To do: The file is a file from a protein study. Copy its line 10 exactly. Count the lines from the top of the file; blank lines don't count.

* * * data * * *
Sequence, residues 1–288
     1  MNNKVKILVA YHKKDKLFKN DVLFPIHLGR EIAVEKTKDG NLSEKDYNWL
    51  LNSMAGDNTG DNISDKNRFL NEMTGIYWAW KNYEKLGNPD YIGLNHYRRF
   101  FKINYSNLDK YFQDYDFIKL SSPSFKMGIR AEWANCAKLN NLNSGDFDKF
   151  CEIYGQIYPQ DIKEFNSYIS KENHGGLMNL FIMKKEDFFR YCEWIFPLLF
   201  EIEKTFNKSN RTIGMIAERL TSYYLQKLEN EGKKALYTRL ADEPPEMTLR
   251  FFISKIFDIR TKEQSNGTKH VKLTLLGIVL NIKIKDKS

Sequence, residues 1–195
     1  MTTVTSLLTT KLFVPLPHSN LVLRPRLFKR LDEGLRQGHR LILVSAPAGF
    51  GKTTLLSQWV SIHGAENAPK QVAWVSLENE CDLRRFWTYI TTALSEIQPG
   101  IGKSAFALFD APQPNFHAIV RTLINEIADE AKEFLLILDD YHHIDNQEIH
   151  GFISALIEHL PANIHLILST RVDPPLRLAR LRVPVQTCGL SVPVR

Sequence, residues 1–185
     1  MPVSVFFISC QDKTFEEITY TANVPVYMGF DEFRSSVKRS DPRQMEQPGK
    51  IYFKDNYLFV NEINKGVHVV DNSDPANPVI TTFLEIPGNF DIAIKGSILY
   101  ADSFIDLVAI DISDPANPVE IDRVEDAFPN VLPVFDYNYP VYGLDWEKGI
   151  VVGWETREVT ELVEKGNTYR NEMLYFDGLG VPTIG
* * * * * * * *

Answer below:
    51  GKTTLLSQWV SIHGAENAPK QVAWVSLENE CDLRRFWTYI TTALSEIQPG